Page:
True Story Tuesdays: The Legend of Boggy Creek


Welcome to a new feature at Beastly Bec – True Story Tuesdays!  One Tuesday a month  I’ll cover a true, inspired by, or based-on-actual-events horror flick.  I’m kicking things off with The Legend of Boggy Creek, the cultiest of all culty Bigfoot movies out there.

IMG_7058Brought to you in glorious seventies SD!

The Legend of Boggy Creek is the 1972 directorial debut of Charles B. Pierce, who would go on to give us the classic The Town that Dreaded Sundown. Based on a spate of Sasquatch sightings that took place in Fouke, Arkansas, Boggy Creek is an early example of docudrama.  The movie uses real townsfolk but plenty of staged interviews and dramatic reenactments.  Also, it has this Bigfoot costume.


Vern Stierman narrates the film in such a way that he makes The Legend of Boggy Creek sound like The Waltons vs. Bigfoot. First seen by hunters, the Fouke Monster (as it came to be called) mostly stands at a distance and stares.  But things quickly take a turn for the scary when Bigfoot spooks a group of women home alone and does not make friends with their cat.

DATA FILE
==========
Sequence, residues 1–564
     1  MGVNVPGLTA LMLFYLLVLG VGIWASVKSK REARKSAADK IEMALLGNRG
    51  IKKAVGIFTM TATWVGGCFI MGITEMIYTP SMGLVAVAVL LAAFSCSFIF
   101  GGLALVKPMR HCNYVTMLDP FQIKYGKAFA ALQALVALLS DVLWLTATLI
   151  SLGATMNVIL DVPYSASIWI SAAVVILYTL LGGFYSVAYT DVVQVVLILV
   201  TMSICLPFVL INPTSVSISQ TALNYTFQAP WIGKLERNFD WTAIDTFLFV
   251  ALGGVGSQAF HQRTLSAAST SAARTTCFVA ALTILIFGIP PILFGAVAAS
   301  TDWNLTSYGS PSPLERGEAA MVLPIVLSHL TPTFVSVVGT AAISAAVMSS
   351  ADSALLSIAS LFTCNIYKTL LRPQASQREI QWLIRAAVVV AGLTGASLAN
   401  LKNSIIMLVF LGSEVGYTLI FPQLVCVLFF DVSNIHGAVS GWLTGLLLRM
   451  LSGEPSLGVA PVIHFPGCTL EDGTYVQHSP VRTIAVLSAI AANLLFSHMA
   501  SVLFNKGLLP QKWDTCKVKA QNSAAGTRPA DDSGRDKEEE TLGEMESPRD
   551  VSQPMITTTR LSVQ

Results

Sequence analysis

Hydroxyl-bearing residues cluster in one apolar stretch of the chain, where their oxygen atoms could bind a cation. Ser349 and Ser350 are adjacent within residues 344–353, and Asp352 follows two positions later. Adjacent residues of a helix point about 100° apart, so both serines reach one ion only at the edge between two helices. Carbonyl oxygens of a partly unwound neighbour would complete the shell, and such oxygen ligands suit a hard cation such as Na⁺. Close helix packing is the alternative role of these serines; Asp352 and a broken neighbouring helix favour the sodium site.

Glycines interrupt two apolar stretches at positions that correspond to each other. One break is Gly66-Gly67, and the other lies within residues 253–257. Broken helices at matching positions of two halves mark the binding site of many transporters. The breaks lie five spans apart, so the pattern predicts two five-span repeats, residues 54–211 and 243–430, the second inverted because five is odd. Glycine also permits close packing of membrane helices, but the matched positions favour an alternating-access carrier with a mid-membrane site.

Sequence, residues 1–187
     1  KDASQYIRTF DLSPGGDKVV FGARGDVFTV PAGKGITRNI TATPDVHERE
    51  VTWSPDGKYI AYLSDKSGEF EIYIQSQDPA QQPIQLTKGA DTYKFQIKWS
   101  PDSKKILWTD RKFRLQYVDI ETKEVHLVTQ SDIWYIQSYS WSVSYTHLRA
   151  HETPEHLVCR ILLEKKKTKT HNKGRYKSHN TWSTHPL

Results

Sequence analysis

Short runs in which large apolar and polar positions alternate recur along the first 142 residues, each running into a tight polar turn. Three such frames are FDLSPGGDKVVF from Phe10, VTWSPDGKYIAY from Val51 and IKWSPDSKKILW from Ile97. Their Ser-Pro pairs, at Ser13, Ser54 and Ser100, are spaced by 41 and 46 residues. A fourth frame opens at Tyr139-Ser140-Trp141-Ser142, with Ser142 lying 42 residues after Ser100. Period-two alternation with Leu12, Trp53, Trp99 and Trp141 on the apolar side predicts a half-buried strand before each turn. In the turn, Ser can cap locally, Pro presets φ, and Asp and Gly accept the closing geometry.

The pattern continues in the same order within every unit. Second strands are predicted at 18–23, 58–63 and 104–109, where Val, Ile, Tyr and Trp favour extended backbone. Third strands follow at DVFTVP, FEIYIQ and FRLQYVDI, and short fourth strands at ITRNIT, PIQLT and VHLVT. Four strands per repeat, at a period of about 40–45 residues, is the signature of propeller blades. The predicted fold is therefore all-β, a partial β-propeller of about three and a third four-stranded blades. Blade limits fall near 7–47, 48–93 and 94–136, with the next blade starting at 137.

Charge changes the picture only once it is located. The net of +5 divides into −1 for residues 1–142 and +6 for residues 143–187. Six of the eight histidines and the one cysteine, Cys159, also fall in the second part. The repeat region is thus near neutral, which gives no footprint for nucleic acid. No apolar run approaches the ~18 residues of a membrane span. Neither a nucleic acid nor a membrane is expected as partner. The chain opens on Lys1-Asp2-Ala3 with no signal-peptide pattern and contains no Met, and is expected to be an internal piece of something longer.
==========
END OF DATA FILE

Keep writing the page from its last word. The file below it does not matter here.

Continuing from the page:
IMG_7063Lacking a prop cat or an actual dead cat, panning out on a still shot of a live cat will do.

A few Sasquatch sightings later, the menfolk of Fouke have had enough.  They get together lots of dogs and guns and hit the woods to try and rid the county of the Bigfoot menace. But the terrified mutts won’t track Bigfoot and the creature proves elusive.

The movie flounders a bit as we go from ramping up the tension to “and then no one saw the Fouke monster again for eight years.”  Also, because it’s the seventies, someone bursts into song.  Presumably because the movie is looking for something, anything, to put on film, this kid goes canoeing and later eats lunch.


Bigfoot finally shows up again, once on a dark road and once in a dark chicken coop, before someone finds his footprints in Willie Smith’s bean field. There is a short debate over whether or not the prints could have been left by a gorilla or an orangutan, but as neither of these are creatures native to the backwoods of Arkansas, and the prints have three toes, this is quickly ruled out.

IMG_7069Pictured: Not a gorilla

A few more folks see Bigfoot before he scares the pants off three girls in a mobile home, one of whom has the presence of mind to grab a rifle.  Unfortunately the girls elect to scream loudly and incessantly instead of blowing  Bigfoot’s fuzzy face off.  While the narrator posits that Bigfoot is frustrated due to loneliness, it’s hard to feel sympathy for a creature that skins a dog (off camera) and repeatedly terrorizes women and children.

IMG_7072Middle of nowhere?  Something scary happening?  Make sure you take your kids outside.